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Illustration: Assistant Editor Kathy Wong for Endpoints News

Twit­ter dis­ar­ray con­tin­ues as phar­ma ad­ver­tis­ers ex­tend paus­es and look around for op­tions, but keep tweet­ing

Pharma advertisers on Twitter are done — at least for now. Ad spending among the previous top spenders flattened even further last week, according to the latest data from ad tracker Pathmatics, amid ongoing turmoil after billionaire boss Elon Musk’s takeover now one month ago.

Among 18 top advertisers tracked for Endpoints News, only two are spending: GSK and Bayer. GSK spending for the full week through Sunday was minimal at just under $1,900. Meanwhile, German drugmaker Bayer remains the industry outlier upping its spending to $499,000 last week from $480,000 the previous week. Bayer’s spending also marks a big increase from a month ago and before the Musk takeover, when it spent $16,000 per week.

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Vi­a­tris with­draws ac­cel­er­at­ed ap­proval for top­i­cal an­timi­cro­bial 24 years lat­er

After 24 years without confirming clinical benefit, the FDA announced Tuesday morning that Viatris (formed via Mylan and Pfizer’s Upjohn) has decided to withdraw a topical antimicrobial agent, Sulfamylon (mafenide acetate), after the company said conducting a confirmatory study was not feasible.

Sulfamylon first won FDA’s accelerated nod in 1998 as a topical burn treatment, with the FDA noting that last December, Mylan told the agency that it wasn’t running the trial.

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Catal­ent to cut about 200 jobs in Mary­land and Texas

Contract manufacturing company Catalent is cutting about 200 jobs in Maryland and Texas, according to WARN notices, trimming back some of its pandemic-era expansion.

The company will cut 77 jobs by Jan. 15 of next year at a cell therapy facility in Webster, TX, just outside of Houston. In Maryland, the company is reducing staff at two locations, with 82 jobs being eliminated at Catalent’s facility in Gaithersburg, and 53 in Rockville. The layoffs go into effect at those locations on Jan. 14.

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iECURE CEO Joe Truitt and founder Jim Wilson

Jim Wil­son biotech iECURE gets fresh $65M to push pe­di­atric liv­er dis­ease gene ther­a­py in­to the clin­ic

Jim Wilson-founded biotech iECURE has wrapped a $65M Series A extension round to get its lead candidate — a gene replacement therapy for a rare inherited liver disease known as ornithine transcarbamylase deficiency, or OTC — into the clinic.

This round was co-led by Novo Holdings and LYFE Capital, followed by initial investors Versant and OrbiMed as well. In September 2021, iECURE raised a $50 million Series A led by the latter two. The new cash infusion will get iECURE through an initial in-human trial, which CEO Joe Truitt told Endpoints News iECURE hopes to read out in 2024.

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Sana, Codex­is lay off staff, reshuf­fle pipeline in bid to fo­cus cell ther­a­py, en­zyme en­gi­neer­ing work

As its market cap shrinks to a fraction of its heyday, flashy cell therapy startup Sana Biotechnology is laying off 15% of its staffers in a move to rejig the pipeline and restructure the company.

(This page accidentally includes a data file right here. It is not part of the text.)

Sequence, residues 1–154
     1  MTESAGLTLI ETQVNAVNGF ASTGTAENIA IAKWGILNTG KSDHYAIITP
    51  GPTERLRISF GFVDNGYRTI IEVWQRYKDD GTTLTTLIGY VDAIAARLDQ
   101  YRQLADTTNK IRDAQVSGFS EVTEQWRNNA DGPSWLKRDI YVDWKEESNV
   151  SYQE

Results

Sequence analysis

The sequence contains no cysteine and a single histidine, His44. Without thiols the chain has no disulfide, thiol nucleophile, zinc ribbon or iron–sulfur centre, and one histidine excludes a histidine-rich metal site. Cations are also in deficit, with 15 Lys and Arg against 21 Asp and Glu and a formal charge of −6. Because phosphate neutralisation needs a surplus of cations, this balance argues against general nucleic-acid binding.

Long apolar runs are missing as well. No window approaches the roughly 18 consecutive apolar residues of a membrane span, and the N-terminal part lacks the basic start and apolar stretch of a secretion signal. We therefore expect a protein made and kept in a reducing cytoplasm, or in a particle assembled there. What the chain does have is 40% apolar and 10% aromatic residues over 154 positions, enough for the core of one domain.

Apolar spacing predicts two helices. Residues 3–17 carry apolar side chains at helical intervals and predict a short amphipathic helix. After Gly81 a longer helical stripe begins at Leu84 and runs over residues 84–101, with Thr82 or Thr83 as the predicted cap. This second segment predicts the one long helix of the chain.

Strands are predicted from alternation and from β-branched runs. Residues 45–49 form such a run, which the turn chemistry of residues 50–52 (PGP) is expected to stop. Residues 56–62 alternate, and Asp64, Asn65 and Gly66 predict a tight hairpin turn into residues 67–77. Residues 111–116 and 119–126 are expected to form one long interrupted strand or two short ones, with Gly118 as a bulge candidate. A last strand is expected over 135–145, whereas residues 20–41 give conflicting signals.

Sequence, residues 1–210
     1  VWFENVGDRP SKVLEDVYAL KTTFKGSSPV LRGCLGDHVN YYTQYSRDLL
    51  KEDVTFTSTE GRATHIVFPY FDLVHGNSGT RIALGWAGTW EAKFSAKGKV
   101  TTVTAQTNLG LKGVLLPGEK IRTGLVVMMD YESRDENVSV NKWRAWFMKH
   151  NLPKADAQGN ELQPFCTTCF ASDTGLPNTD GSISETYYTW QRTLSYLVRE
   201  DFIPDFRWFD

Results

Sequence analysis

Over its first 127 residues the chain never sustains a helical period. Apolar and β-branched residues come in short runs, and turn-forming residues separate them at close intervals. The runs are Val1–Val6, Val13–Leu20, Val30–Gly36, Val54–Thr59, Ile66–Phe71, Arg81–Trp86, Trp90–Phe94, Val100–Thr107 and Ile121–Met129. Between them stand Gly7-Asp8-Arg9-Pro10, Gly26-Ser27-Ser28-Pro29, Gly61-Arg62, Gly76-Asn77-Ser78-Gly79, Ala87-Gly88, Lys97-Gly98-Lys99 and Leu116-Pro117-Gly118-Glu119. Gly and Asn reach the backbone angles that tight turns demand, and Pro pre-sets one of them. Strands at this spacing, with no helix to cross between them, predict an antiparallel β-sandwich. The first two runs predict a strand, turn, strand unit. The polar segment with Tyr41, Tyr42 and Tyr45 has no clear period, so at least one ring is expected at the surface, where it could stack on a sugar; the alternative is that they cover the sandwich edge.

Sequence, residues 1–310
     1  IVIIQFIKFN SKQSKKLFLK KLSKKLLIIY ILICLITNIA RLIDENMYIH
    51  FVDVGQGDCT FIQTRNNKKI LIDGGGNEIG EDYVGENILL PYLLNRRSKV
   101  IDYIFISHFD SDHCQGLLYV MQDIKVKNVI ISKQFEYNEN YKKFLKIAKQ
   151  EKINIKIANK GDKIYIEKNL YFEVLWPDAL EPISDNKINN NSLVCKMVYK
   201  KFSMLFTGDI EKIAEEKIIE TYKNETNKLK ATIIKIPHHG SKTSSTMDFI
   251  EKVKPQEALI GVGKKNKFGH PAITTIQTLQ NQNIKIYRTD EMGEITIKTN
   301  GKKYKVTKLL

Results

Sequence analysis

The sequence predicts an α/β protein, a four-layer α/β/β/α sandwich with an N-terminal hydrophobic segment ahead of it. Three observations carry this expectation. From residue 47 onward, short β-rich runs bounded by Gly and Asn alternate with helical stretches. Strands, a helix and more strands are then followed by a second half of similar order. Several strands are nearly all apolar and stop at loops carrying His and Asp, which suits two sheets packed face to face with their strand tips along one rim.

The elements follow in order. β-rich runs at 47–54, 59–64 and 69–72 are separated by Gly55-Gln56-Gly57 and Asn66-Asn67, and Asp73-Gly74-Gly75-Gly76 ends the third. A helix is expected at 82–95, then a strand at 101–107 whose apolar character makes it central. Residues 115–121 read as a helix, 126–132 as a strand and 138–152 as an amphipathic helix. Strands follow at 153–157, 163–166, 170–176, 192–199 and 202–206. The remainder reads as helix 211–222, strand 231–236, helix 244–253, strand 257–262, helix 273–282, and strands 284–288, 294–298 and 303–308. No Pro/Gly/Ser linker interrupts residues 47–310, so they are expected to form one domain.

Sana is among a growing group of biotechs that, feeling the weight of a broader market downturn and seeing their shares tumble steadily, are tightening the purse strings and adjusting their focus. Also on Tuesday, Codexis, an enzyme engineering company based in California and now helmed by former Sierra Oncology CEO Stephen Dilly, announced it will reduce the workforce by 18%.

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John Carroll with David Chang, Allogene CEO (Credit: Jeff Rumans Photography)

Al­lo­gene takes the stage in New York to go deep on its off-the-shelf cell ther­a­pies — de­clar­ing a first for sol­id tu­mors

NEW YORK — In most cases, a biotech like Allogene would wait until the next big science conference to offer its latest series of snapshots of its data. But most biotechs aren’t like Allogene, where the veteran leaders from Kite garnered a substantial number of kudos over the years for their in-depth reviews of the company’s progress.

So on Tuesday, the leaders at Allogene converged on Manhattan once again to give a detailed breakdown of their latest steps forward, looking to stay out front in the busy off-the-shelf cell therapy arena, keep a clean bill of health on the safety front and prove that they can not only match the autologous pioneers they helped create but make the all-important leap into solid tumors. It’s another step forward in a journey that has a long way to go before even the first big regulatory finish lines appear on the track. But for CEO David Chang, who spent some time with me running through the data ahead of the Tuesday session, it all amounts to forward momentum toward the desired goal.

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UK reg­u­la­tor warns of se­vere eye re­ac­tions fol­low­ing use of Sanofi and Re­gen­eron's Dupix­ent

The UK’s Medicines and Healthcare Regulatory Agency (MHRA) on Tuesday warned of some new and serious eye-related side effects following the use of Sanofi and Regeneron’s atopic dermatitis and asthma treatment Dupixent (dupilumab).

While Dupixent is already associated with cases of conjunctivitis and allergic conjunctivitis, dry eye and with infrequent cases of keratitis and ulcerative keratitis, the MHRA is calling on health professionals to be on the lookout for any of these eye-related side effects as “it is not currently possible to predict who may experience the rarer and most severe ocular adverse reactions, such as ulcerative keratitis.”